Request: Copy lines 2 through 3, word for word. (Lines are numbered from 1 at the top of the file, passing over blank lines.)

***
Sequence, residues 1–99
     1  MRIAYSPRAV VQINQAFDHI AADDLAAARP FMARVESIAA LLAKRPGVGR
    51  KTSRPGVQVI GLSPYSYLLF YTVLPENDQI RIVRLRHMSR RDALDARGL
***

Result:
     1  MRIAYSPRAV VQINQAFDHI AADDLAAARP FMARVESIAA LLAKRPGVGR
    51  KTSRPGVQVI GLSPYSYLLF YTVLPENDQI RIVRLRHMSR RDALDARGL